Friday, January 06, 2006

Flashback on "those cloning Koreans"

Blast from the past: GoozNews, May 2005:

Those Cloning Koreans

The South Koreans have not only leapt ahead of U.S. scientists in stem cell technology, they're pioneering in how to make that technology affordable.

New York Times reporter James Brooke chased down Dr. Woo Suk Hwang, the South Korean researcher who last week announced a major advance in mass producing stem cells for medical research. While the jury is still out on whether using stem cell colonies to regenerate exhausted or damaged tissues like brain cells or spinal cords will work, Dr. Hwang's advance will expedite experimentation.

Though the right-to-life crowd has limited federal involvement in this promising technology, states are beginning to invest big bucks. California's $3 billion has garnered the most publicity, but New Jersey also recently passed a stem cell initiative; the Massachusetts legislature will probably override its Republican governor's veto; New York is contemplating a major program as are a number of other states who don't want to be left off the next big biotech bonanza. [IPBiz note: no money has been disbursed through the Proposition 71 initiative; it is tied up in the courts. Separately, California voters have now been told not to expect any incoming money from patent royalties (not because of the court action, but simply because those running Prop. 71 don't plan on taxpayer return through patent royalties.]

Using taxpayer money to fund medical research is nothing new, even at the state level. Before the creation of the National Cancer Institute in 1937 (the first National Institute of Health with many more to follow after World War II), state public health departments were major founts of medical innovation.

Now that states are getting back into the game big time, they should read today's story on the South Korean advance to its end. When asked about his financial interest in the breakthrough announced last week, Dr. Hwang called his work "holy, pure and genuine in trying to develop therapeutic technology to cure hard to treat diseases." He said patents on the invention would go to the South Korean government. "I want to be remembered in history as a pure scientist," he said. "I want this technology applied to the whole of mankind." [IPBiz query: have the states been reading about the retraction? The Hwang group seems to have been filing applications through the PCT procedure, so the best bet for seeing what was filed (and who is listed as inventor) is to track WO publications.]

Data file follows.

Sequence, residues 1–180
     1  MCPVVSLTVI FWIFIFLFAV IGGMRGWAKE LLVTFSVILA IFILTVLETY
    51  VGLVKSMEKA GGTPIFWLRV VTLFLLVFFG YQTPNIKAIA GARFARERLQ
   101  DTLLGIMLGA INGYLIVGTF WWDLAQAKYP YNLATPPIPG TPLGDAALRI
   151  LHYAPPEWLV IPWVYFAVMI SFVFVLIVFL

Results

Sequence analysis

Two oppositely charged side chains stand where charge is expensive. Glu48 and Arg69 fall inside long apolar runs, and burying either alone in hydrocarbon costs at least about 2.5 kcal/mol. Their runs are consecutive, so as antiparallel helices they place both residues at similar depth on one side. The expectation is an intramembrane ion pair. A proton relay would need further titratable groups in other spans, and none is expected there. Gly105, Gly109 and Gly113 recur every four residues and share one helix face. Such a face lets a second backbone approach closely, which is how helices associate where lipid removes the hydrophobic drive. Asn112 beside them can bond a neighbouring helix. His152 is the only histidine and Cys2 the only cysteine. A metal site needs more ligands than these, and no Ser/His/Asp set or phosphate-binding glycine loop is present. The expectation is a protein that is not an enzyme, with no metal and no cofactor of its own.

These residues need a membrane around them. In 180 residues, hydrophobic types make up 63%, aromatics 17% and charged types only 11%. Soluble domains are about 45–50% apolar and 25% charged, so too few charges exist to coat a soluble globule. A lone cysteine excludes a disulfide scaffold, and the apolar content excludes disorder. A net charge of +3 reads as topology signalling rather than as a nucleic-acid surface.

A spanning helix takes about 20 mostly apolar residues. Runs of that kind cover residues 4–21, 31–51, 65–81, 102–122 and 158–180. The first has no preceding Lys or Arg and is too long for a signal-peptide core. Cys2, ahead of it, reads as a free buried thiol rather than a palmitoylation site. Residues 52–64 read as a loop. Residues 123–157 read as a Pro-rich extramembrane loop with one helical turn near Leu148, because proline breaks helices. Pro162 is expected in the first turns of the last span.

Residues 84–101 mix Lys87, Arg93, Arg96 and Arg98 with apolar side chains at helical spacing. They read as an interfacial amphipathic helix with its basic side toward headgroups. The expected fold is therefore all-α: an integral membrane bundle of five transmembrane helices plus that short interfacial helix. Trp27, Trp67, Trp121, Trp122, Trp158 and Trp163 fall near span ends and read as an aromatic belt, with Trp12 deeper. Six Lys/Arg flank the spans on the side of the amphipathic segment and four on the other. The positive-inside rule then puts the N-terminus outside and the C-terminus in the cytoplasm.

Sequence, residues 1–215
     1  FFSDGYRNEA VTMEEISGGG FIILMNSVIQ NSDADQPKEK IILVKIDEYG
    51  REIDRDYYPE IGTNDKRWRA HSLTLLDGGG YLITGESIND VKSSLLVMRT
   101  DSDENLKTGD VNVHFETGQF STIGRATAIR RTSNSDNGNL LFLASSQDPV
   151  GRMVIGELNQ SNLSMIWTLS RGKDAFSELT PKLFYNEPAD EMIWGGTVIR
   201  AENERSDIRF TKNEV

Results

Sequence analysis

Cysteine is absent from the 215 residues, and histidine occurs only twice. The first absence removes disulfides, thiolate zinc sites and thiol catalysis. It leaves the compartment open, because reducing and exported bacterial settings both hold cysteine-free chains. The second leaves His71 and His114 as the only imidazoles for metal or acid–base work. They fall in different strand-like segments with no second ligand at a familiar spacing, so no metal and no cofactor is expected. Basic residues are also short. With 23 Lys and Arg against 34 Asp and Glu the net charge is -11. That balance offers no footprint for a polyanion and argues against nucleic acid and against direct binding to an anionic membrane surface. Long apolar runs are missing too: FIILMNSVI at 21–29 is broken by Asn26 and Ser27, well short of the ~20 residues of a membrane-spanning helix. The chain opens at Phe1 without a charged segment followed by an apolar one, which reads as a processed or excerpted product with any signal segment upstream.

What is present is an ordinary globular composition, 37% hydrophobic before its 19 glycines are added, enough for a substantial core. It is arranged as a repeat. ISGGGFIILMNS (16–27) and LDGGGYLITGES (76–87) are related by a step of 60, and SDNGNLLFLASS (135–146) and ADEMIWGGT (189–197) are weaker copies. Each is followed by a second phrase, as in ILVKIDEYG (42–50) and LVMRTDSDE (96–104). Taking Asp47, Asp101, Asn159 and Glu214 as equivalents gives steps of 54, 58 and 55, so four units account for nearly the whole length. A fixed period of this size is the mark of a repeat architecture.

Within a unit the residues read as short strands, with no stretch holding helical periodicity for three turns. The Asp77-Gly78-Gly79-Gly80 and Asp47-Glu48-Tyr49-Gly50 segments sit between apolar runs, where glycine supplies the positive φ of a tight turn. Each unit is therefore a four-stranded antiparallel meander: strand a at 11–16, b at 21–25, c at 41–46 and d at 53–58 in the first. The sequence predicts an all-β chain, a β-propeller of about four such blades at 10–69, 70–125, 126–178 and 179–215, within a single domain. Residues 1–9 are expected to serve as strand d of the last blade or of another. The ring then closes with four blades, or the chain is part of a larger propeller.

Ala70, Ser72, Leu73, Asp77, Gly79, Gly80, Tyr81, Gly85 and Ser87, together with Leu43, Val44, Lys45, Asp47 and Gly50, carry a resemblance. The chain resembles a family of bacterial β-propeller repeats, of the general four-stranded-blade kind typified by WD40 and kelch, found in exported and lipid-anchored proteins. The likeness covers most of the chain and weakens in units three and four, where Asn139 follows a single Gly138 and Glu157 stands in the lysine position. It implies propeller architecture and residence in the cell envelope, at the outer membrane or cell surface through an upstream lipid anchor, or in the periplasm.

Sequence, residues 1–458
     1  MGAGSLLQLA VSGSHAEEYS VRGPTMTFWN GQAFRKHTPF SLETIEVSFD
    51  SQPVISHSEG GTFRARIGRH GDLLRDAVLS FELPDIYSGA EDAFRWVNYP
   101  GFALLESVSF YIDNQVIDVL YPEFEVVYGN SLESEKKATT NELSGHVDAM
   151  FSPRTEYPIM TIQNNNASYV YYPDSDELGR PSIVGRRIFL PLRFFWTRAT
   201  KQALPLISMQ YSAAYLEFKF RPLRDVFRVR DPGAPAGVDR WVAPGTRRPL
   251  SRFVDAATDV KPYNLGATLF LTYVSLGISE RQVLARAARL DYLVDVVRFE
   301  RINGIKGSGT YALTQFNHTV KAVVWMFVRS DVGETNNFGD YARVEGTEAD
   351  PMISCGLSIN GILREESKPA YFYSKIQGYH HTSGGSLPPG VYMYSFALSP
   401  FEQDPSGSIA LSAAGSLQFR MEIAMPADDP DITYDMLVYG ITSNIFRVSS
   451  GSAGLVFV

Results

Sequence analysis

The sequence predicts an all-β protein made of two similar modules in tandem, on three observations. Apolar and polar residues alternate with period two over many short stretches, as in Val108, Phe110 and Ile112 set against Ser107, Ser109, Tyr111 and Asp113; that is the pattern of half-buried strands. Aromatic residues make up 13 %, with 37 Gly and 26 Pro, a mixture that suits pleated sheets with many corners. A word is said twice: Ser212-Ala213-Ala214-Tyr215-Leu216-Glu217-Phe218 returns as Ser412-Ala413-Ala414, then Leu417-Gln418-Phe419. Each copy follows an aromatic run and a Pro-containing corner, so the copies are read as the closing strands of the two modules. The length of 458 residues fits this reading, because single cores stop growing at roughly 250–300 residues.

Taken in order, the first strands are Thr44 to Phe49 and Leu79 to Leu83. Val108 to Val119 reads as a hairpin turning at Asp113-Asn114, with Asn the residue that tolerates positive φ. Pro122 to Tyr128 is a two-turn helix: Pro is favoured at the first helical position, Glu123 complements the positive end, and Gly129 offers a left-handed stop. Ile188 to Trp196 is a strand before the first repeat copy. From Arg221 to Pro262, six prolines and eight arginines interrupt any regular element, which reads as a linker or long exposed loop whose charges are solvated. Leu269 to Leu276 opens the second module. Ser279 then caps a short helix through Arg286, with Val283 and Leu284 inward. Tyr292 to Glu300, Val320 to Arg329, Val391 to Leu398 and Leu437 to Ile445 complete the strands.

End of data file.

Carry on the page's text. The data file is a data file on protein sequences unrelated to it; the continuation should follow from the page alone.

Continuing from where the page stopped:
Had he been in the U.S., he would have patented it, started a biotechnology firm, sold the rights to the technology at the highest possible price, and demanded property rights to any subsequent inventions made with the use of his technology -- so-called "reach through" patents. [In the US, the most likely assignee would be the grant recipient (ie, the university), who would be the one doing the licensing.]

As they move to set up the rules for their programs, the states could learn a few things about protecting taxpayers (who finance all this research) from this wise South Korean scientist. IPBiz note: Right now, proposition 71 is doing a good job of fleecing the taxpayers. What we will learn from Professor Hwang is up in the air at the moment, but don't bet on it being good news.

[IPBiz Post 1118]

Also, of more recent note is the blog entry

We have followed Park's odd history for some time - she was by all accounts instrumental in the research, and was hanging out in the Schatten lab when the scandal broke - with Schatten announcing that he suspected that there were issues with egg donation (which anyone from planet Duh might surmise he learned from Park).

And then, you'll recall, she failed to show up at the airport in Seoul to meet the other South Koreans who were all forced to leave Pittsburgh immediately for South Korea, in a rush, immediately after the Schatten announcement and just hours before Seoul National University released a statement implying that Schatten was merely retaliating against Hwang because Schatten SNU would not let him have power, position and money. So SNU and some sketchy government people showed up - apparently, we later learned, bearing a cash bribe as well - to "check on her," with one newspaper in Korea actually stating that they were trying to make sure she didn't steal away with intellectual property from the project

The next step in damage control for nuclear transfer-based stem cell research has nothing to do with Hwang. It's the good guys in the field. My cloning ethics collaborator and pal Ian Wilmut is doing great things, but he and Robert Lanza in particular have gone on somewhat poorly timed media campaigns, to discuss in Wilmut's case how important it is to hurry up and get into clinical trials, and in Lanza's case to suggest that Hwang will slow things down enough to kill thousands.

If part of the problem here is overheated rhetoric about stem cell research, the answer is not only slightly less overheated rhetoric about stem cell research. Let's turn our attention to the question of funding all of stem cell research and use that opportunity to fiat some rock solid rules that any researcher who wants to work or sell products in the US will have to follow.


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